Are You Starting a Stock Portfolio? If Yes, Keep It Safe and Simple

First-time investors should keep their stock portfolios safe and simple by holding time-tested, income-producing assets.

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It’s never too late to start investing in stocks and build a portfolio. Canada’s primary stock exchange is underperforming thus far in 2022, but it doesn’t mean we are in a bear market. The TSX must fall 20% to make it official. As of mid-August 2022, the year-to-date loss is only 4.9%.

The suggestion to first-time investors is to keep it safe and simple. Warren Buffett, the GOAT (greatest of all time) of investing, said, “Never invest in a business you cannot understand.” If you follow his advice, you’re on the right track if the stocks in your starter kit are the Royal Bank of Canada (TSX:RY)(NYSE:RY) and BCE (TSX:BCE)(NYSE:BCE).

More Buffett advice is, “Don’t watch the market closely.” With RBC and BCE, you don’t have to because the former is Canada’s largest bank and the latter is the most dominant player in the telco industry. The Big Six Bank and 5G stock are not only for long-term investors but also beginners.

Both companies have the financial muscle to weather market storms and economic downturns. They are excellent passive income providers paying attractive dividends. Furthermore, their dividend track records are more than 100 years old.

Long-term hold

The RBC economics team warns that stronger-than-expected inflation continues to force central banks into aggressive action. The Bank of Canada will announce its next rate decision on September 7, 2022. While global price pressures appear to be easing and inflation is close to peaking, RBC analysts say it won’t slow significantly to the Fed’s target range without a weaker economy.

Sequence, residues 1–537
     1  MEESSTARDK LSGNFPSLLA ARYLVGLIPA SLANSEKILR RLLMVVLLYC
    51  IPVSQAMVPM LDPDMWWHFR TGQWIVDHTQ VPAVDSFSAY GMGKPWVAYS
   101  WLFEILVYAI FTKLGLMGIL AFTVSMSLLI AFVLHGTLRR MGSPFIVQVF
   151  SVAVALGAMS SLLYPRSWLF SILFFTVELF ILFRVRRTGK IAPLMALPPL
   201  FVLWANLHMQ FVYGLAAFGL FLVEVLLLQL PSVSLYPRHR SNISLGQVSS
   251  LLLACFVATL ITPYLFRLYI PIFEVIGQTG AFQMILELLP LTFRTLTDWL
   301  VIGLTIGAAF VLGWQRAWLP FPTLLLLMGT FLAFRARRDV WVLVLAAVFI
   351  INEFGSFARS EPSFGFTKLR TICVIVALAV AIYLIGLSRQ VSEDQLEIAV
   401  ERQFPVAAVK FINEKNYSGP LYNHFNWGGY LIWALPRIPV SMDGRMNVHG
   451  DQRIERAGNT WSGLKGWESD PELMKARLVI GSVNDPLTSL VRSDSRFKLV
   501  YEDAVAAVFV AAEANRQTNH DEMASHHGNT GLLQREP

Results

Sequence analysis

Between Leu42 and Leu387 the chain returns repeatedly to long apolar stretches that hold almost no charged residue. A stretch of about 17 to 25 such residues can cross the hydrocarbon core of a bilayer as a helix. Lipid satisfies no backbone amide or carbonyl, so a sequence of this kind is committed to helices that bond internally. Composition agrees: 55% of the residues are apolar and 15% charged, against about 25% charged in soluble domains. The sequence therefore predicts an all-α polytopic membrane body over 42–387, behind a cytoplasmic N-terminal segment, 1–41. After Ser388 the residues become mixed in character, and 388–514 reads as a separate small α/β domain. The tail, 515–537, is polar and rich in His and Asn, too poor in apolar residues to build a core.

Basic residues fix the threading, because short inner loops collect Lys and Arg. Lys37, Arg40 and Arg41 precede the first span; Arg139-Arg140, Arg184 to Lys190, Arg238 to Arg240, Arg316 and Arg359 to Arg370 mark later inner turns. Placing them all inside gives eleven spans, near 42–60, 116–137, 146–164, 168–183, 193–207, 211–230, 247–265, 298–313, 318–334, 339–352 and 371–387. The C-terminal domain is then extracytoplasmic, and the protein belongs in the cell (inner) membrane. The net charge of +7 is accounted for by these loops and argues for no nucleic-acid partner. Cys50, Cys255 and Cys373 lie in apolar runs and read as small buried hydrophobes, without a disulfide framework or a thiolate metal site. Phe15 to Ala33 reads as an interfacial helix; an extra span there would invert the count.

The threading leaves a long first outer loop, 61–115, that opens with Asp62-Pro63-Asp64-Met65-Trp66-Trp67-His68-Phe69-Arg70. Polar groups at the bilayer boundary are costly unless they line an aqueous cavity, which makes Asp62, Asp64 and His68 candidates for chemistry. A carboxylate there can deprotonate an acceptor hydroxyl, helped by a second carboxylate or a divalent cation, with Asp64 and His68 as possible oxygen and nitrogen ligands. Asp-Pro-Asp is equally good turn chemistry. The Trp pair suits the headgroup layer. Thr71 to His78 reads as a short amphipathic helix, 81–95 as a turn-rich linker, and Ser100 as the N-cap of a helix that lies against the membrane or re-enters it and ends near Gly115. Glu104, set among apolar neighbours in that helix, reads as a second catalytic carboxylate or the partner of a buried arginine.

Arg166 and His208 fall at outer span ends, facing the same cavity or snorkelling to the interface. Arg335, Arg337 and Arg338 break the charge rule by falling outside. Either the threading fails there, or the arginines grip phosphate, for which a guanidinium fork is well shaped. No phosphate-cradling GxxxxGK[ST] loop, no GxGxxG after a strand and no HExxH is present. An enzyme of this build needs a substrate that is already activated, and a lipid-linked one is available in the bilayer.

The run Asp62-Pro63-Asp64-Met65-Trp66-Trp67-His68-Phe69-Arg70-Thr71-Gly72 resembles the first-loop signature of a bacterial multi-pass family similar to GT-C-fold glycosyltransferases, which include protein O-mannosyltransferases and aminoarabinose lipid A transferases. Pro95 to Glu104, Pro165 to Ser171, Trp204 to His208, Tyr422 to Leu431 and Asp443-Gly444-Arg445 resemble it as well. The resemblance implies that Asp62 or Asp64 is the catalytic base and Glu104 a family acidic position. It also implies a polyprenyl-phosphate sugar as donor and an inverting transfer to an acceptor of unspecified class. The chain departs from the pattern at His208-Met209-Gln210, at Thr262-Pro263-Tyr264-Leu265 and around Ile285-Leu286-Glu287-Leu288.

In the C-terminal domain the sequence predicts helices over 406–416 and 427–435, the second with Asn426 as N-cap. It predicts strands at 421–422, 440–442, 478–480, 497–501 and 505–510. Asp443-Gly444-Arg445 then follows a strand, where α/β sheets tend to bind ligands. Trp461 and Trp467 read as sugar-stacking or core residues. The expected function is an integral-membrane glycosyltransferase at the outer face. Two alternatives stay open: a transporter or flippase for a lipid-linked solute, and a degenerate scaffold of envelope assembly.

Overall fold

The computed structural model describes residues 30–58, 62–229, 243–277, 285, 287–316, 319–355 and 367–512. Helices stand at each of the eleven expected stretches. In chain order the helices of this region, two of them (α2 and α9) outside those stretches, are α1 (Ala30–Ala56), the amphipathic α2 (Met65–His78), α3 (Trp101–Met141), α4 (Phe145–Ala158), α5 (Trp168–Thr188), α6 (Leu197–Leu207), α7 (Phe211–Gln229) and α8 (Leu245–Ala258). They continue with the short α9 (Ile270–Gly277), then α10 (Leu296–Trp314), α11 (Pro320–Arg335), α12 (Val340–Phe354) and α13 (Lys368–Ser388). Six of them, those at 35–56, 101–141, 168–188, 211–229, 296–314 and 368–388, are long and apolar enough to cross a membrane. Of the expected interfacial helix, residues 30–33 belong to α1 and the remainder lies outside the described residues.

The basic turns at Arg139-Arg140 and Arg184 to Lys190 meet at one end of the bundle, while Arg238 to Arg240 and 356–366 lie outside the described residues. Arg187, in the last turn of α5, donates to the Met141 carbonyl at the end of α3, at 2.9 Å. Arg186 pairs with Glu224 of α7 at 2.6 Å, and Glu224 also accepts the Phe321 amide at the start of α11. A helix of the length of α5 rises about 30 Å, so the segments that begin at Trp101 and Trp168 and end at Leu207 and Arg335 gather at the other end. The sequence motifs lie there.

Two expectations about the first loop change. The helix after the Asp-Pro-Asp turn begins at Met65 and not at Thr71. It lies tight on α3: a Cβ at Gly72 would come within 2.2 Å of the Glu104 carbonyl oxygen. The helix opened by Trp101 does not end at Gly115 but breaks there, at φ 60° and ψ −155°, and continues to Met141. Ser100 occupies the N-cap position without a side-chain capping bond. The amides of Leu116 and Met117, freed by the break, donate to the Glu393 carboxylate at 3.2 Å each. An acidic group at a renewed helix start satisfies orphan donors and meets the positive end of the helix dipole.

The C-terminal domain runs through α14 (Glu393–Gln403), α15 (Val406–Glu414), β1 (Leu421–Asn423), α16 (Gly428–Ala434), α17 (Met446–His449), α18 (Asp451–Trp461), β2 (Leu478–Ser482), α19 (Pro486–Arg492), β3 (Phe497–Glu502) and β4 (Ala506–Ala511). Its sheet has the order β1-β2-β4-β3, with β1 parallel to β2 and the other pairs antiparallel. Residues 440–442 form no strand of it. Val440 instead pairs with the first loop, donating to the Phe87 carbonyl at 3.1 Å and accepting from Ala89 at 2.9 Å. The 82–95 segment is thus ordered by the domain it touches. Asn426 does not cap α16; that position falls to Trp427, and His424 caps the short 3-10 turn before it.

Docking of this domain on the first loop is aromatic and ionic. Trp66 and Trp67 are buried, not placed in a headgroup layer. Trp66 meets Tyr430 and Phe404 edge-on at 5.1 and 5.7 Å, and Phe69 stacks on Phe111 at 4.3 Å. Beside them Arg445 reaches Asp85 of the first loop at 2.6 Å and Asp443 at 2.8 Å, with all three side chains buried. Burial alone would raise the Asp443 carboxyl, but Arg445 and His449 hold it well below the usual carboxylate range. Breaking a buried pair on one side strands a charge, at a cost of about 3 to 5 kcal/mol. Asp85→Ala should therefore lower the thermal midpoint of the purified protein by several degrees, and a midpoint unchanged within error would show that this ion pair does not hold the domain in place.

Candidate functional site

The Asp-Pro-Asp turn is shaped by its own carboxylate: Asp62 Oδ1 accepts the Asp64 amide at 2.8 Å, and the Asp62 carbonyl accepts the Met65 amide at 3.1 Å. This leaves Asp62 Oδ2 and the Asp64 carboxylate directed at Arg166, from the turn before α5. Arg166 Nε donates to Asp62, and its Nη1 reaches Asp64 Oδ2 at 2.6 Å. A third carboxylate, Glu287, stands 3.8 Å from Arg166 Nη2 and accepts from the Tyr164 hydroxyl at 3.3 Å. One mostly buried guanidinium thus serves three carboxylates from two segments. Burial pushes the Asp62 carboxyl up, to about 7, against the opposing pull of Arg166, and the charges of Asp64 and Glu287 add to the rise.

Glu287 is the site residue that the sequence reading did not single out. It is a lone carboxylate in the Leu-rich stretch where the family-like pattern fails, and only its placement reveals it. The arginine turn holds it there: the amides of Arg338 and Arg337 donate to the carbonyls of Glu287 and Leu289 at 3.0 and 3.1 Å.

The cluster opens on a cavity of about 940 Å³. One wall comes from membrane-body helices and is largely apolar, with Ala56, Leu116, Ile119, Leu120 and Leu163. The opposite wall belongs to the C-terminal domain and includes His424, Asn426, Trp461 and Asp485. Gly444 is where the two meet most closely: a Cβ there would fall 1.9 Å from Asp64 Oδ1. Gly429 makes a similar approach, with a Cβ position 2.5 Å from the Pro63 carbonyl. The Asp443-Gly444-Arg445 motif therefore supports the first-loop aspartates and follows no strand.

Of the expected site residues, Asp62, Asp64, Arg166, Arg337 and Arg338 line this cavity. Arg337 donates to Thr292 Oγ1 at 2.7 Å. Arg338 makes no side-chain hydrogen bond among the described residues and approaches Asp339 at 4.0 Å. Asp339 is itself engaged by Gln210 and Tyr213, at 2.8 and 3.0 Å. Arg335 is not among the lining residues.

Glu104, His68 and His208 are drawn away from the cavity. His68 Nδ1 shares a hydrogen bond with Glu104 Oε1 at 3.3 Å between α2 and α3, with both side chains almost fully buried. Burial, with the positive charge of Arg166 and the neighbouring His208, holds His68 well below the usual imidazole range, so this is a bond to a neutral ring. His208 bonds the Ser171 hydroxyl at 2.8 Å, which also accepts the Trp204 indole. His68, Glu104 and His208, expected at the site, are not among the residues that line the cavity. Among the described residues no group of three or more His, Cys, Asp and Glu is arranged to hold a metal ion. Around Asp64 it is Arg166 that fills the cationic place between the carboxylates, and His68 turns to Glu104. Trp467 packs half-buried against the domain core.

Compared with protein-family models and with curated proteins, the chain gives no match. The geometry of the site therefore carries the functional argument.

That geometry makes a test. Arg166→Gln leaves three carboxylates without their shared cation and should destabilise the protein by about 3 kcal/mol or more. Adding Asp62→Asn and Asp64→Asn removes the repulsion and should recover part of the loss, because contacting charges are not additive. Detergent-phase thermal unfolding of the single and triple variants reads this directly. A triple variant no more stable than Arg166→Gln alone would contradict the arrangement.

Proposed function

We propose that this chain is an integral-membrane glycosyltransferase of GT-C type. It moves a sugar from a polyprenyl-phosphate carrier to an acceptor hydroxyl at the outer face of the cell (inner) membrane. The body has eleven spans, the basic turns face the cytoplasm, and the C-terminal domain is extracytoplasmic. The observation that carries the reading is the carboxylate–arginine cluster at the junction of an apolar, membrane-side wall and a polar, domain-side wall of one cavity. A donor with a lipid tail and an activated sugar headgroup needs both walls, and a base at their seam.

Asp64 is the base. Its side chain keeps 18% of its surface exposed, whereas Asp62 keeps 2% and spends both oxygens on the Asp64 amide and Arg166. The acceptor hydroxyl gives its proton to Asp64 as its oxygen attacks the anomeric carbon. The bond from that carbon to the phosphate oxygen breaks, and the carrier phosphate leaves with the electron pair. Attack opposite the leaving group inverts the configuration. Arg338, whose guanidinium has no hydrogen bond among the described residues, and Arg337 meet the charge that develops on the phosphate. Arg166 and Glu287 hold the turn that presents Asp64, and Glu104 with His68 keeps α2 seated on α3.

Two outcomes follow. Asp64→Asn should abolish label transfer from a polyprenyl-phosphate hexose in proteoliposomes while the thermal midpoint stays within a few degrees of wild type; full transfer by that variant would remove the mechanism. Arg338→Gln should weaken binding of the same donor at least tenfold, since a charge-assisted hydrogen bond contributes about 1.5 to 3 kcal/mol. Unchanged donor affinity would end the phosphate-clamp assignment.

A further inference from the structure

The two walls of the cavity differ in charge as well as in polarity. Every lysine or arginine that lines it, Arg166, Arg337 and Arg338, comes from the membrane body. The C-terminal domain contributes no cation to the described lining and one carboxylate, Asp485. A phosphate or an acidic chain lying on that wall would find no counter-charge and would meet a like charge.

Earning passive income is important as ever because inflation erodes purchasing power. RBC is trading at $128.45 per share (-1.71% year to date) and pays a 3.99% dividend yield.

The total return of 49,361%, or 13.3% compound annual growth rate (CAGR), in 49.7 years is enough justification to invest in this Big Bank stock. In fiscal 2021, RBC’s net income of $16 billion was 40.3% and 24.7% higher than in fiscal years 2020 and 2019, respectively.

Dividend machine

BCE needs no introduction as everyone knows that its telecom products and services are essential to people and businesses. The $59.6 billion company is a cash cow and dividend machine. The company’s average EBITDA growth rate has increased to 5.3% over the past 12 months, versus a 3-year EBITDA growth rate of 2.1%, as it large investments in 5G and fiber-to-the-home begin to payoff with high mobile phone and internet subscriber growth.

If you take a position today, the share price is $64.85 (+1.3% year to date), while the dividend yield is a hefty 5.71%. Like RBC, BCE is for keeps. The telco stock’s total return in 46.7 years is an impressive 77,674 (15.3% CAGR).

Mirko Bibic, President and CEO of BCE and Bell Canada, said, “The Bell team continues to deliver for all the stakeholders we serve.” While net earnings in Q2 2022 declined 10.9% versus Q2 2021, free cash flow (FCF) increased 7.1% year over year to $1.3 billion.

Reinvest the dividends

The average dividend yield of RBC and BCE is 4.85%. Assuming you allocate $5,000 to each stock, the pair will produce $121.25 in passive income every quarter. That amount isn’t bad for starters. If you don’t collect the dividends and instead reinvest them, the value of your investment should compound considerably over time.

This article represents the opinion of the writer, who may disagree with the “official” recommendation position of a Motley Fool premium service or advisor. We’re Motley! Questioning an investing thesis — even one of our own — helps us all think critically about investing and make decisions that help us become smarter, happier, and richer, so we sometimes publish articles that may not be in line with recommendations, rankings or other content.

Fool contributor Christopher Liew has no position in any of the stocks mentioned. The Motley Fool has no position in any of the stocks mentioned.

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